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Bible Commentaries

Expositor's Bible Commentary
Romans 12

 

 

Other Authors
Verses 1-8

Chapter 25

CHRISTIAN CONDUCT THE ISSUE OF CHRISTIAN TRUTH

Romans 12:1-8

AGAIN we may conjecture a pause, a long pause and deliberate, in the work of Paul and Tertius. We have reached the end, generally speaking, of the dogmatic and so to speak oracular contents of the Epistle. We have listened to the great argument of Righteousness, Sanctification, and final Redemption. We have followed the exposition of the mysterious unbelief and the destined restoration of the chosen nation; a theme which we can see, as we look back on the perspective of the whole Epistle, to have a deep and suggestive connection with what went before it; for the experience of Israel, in relation to the sovereign will and grace of God, is full of light thrown upon the experience of the soul. Now in order comes the bright sequel of this mighty antecedent, this complex but harmonious mass of spiritual facts and historical illustrations of the will and ways of the Eternal. The voice of St. Paul is heard again; and he comes full upon the Lord’s message of duty, conduct, character.

As out of some cleft in the face of the rocky hills rolls the full pure stream born in their depths, and runs under the sun and sky through green meadows and beside the thirsty homes of men, so here from the inmost mysteries of grace comes the message of all-comprehensive holy duty. The Christian, filled with the knowledge of an eternal love, is told how not to dream, but to serve, with all the mercies of God for his motive.

This is indeed in the manner of the New Testament; this vital sequence of duty and doctrine; the divine Truths first, and then and therefore the blessed Life. To take only St. Paul’s writings, the Ephesian and Colossian Epistles are each, practically, bisected by a line which has eternal facts before it and present duties, done in the light and power of them, after it. But the whole Book of God, in its texture all over, shows the same phenomenon. Someone has remarked with homely force that in the Bible everywhere, if only we dig deep enough, we find "Do right" at the bottom. And we may add that everywhere also we have only to dig one degree deeper to find that the precept is rooted in eternal underlying facts of divine truth and love.

Scripture, that is to say, its Lord and Author, does not give us the terrible gift of a precept isolated and in a vacuum. It supports its commandments on a base of cogent motive; and it fills the man who is to keep them with the power of a living Presence in him; this we have seen at large in the pages of the Epistle already traversed. But then, on the other hand. the Lord of Scripture does not leave the motive and the Presence without the articulate precept. Rather, because they are supplied and assured to the believer, it spreads out all the more amply and minutely a moral directory before his eyes. It tells him, as a man who now rests on God and loves Him, and in whom God dwells, not only in general that he is to "walk and please God" but in particular "how" to do it. [1 Thessalonians 4:1] It takes his life in detail, and applies the will of the Lord to it. It speaks to him in explicit terms about moral purity, in the name of the Holy One: about patience and kindness, in the name of redeeming Love; about family duties, in the name of the Father and of the Son; about civic duties, in the name of the King Eternal. And the whole outline and all the details thus become to the believer things not only of duty but of possibility, of hope, of the strong interest given by the thought that thus and thus the beloved Master would have us use His divine gift of life. Nothing is more wonderfully free, from one point of view, than love and spiritual power. But if the love is indeed given by God and directed towards Him in Christ, the man who loves cannot possibly wish to be his own law, and to spend his soul’s power upon his own ideas or preferences. His joy and his conscious aim must be to do, in detail, the will of the Lord who is now so dear to him; and therefore, in detail, to know it.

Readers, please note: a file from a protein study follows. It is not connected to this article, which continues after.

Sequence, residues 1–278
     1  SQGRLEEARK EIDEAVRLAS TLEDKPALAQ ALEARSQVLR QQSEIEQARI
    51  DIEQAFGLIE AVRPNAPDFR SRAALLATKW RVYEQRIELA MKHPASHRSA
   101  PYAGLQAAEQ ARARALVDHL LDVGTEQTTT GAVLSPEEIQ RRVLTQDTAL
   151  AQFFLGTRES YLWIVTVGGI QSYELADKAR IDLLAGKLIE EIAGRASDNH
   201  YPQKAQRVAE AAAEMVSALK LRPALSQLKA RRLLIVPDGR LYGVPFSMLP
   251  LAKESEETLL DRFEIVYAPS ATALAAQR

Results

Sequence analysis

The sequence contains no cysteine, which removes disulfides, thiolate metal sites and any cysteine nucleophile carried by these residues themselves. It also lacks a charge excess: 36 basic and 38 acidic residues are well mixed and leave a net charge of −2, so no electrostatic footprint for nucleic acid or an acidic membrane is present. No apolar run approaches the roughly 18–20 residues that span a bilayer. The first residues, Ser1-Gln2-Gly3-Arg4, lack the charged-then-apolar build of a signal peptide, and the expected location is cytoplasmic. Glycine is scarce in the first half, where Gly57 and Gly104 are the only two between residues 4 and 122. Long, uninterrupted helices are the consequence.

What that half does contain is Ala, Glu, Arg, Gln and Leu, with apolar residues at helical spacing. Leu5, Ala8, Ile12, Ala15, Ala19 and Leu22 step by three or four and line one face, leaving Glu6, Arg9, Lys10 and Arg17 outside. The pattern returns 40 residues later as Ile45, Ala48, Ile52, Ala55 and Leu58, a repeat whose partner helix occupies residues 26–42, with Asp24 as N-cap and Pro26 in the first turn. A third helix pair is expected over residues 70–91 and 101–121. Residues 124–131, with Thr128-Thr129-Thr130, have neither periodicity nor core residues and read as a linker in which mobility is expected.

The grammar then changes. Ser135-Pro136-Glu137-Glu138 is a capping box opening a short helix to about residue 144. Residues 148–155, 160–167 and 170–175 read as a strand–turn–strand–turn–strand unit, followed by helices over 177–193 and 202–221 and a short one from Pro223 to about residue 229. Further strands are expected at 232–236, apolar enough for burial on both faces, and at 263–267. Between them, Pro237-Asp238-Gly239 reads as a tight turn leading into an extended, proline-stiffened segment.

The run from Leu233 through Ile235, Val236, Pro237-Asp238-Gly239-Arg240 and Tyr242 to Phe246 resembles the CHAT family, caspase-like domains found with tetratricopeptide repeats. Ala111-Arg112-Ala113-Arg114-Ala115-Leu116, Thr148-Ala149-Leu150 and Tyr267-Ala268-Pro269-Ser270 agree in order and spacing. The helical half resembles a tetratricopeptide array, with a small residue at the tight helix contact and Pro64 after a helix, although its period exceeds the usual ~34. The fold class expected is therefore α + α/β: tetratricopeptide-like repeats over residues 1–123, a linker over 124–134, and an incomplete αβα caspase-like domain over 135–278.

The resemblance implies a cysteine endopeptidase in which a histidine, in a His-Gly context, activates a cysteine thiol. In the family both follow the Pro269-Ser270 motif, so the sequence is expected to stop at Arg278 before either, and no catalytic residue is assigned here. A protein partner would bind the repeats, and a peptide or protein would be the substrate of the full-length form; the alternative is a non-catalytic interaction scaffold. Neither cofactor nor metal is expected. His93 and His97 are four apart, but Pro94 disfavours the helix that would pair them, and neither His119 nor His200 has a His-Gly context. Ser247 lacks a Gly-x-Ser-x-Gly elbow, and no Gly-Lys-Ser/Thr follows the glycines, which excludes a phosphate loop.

Let us take deep note of this characteristic of Scripture, its minuteness of precept, in connection with its revelation of spiritual blessing. If in any sense we are called to be teachers of others, let us carry out the example. Richard Cecil, wise and pregnant counsellor in Christ, says that if he had to choose between preaching precepts and preaching privileges he would preach privileges; because the privileges of the true Gospel tend in their nature to suggest and stimulate right action, while the precepts taken alone do not reveal the wealth of divine life and power. But Cecil, like his great contemporaries of the Evangelical Revival, constantly and diligently preached as a fact both privilege and precept; opening with energetic hands the revealed fulness of Christ, and then and therefore teaching "them which had believed through grace" not only the idea of duty, but its details. Thomas Scott, at Olney, devoted his week night "lecture" in the parish church almost exclusively to instructions in daily Christian life. Assuming that his hearers "knew Christ" in personal reality, he told them how to be Christians in the home, in the shop, in the farm: how to be consistent with their regenerate life as parents, children, servants, masters, neighbours, subjects. There have been times, perhaps, when such didactic preaching has been too little used in the Church. But the men who, under God, in the last century and the early years of this century, revived the message of Christ Crucified and Risen as all in all for our salvation, were eminently diligent in teaching Christian morals. At the present day, in many quarters of our Christendom, there is a remarkable revival of the desire to apply saving truth to common life, and to keep the Christian always mindful that he not only has heaven in prospect, but is to travel to it, every step, in the path of practical and watchful holiness. This is a sign of divine mercy in the Church. This is profoundly Scriptural.